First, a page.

Content marketing can help you unlock the expertise inside your own organization and make that knowledge the core of the marketing strategy for your small business. In particular, a staff-driven group blog that highlights industry trends and dishes out tailored advice is one of the fastest, most cost-effective ways to build a small business’s reputation as a magnet for thought leaders in an industry. Done well, such a blog will also provide a steady flow of credible, branded content to support your social media feeds.
To get started, you’ll need to decide on a unified theme for your content that is consistent with your brand and your audience’s interests, develop some basic guidelines for your writers to follow, and create a schedule for posting. Once that’s set, you have several options for producing content:
- Direct posting. For your team members who are also strong writers, this is relatively easy: Give them a blog login and an assignment schedule — and then let them start writing. You’ll still want to arrange for someone to read behind them before the material is published, whether it’s a professional editor or a peer. The second reader will be editing for factual accuracy, grammar and style, and SEO.
- Ghost writing. This is my least favorite option since it so often sounds canned, but it’s sometimes the only option for reluctant or busy executives. You’ll need to hire a writer that’s knowledgeable about your industry, as well as skilled in duplicating another person’s voice. Allow time for multiple drafts, so you can get both the facts and the tone right.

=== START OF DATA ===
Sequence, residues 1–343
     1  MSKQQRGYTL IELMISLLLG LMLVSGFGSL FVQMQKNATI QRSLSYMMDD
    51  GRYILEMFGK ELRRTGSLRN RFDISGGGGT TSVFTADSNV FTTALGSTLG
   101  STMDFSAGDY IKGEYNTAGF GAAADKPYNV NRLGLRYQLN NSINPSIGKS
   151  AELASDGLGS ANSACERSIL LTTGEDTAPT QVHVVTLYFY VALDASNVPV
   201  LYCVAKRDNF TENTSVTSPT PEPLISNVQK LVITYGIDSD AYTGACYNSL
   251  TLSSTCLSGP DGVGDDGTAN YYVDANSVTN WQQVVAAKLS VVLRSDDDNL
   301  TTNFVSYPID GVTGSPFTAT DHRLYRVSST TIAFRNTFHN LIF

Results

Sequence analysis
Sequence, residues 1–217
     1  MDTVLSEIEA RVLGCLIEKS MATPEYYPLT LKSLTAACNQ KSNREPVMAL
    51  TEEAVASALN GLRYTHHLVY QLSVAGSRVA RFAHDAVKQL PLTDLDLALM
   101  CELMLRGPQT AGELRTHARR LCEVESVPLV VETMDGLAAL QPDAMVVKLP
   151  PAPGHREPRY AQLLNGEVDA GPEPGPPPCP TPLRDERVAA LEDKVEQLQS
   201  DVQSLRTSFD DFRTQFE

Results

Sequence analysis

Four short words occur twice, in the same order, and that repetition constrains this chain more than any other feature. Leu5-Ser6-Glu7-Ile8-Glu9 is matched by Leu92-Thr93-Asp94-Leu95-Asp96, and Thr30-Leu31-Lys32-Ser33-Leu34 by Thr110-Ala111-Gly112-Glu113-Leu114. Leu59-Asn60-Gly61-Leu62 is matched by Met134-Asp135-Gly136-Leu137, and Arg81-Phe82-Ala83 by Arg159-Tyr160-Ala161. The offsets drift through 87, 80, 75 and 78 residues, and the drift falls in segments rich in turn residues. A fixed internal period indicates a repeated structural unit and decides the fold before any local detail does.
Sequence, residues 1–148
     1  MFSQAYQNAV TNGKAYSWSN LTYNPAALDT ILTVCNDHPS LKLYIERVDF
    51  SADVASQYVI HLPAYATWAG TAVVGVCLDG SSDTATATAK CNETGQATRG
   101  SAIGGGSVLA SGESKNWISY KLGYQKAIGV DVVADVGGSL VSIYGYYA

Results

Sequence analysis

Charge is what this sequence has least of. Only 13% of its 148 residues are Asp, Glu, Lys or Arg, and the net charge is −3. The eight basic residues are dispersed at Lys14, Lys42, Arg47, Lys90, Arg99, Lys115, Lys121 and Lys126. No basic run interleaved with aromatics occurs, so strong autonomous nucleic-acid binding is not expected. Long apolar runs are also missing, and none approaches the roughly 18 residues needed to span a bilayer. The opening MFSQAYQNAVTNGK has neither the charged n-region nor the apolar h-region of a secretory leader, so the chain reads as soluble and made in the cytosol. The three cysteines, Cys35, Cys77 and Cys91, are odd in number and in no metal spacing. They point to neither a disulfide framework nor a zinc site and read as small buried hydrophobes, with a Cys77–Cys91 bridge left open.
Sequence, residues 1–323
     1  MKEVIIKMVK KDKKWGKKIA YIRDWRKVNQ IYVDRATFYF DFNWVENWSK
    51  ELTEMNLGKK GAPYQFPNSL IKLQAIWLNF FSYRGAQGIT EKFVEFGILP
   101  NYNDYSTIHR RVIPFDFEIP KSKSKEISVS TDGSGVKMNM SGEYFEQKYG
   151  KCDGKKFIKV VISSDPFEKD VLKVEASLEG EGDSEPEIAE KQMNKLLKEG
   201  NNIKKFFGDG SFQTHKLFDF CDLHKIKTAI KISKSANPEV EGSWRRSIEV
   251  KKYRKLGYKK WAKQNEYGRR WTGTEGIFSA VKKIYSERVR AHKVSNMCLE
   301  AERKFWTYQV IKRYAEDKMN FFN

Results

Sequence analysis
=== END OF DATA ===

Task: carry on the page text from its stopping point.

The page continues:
- Interviews. This approach taps the advantages of ghost writing, but in a way that’s more consistent with the transparent culture of social media. Interviews can be conducted as text Q&As, podcasts or brief videos, depending on your budget and comfort level with multimedia. A professional writer (anonymous or bylined) drives the structure and crafts the final wording, but the focal point is your team member’s expertise. This approach can be particularly useful for workers in science, engineering or finance, creating a bridge between their technical expertise and a general business audience. It takes the pressure off the staffer to initiate the content creation process, which can seem overwhelming for non-writers.
How are you using content marketing to highlight your staff’s expertise?
Image credit: Yuri_Arcurs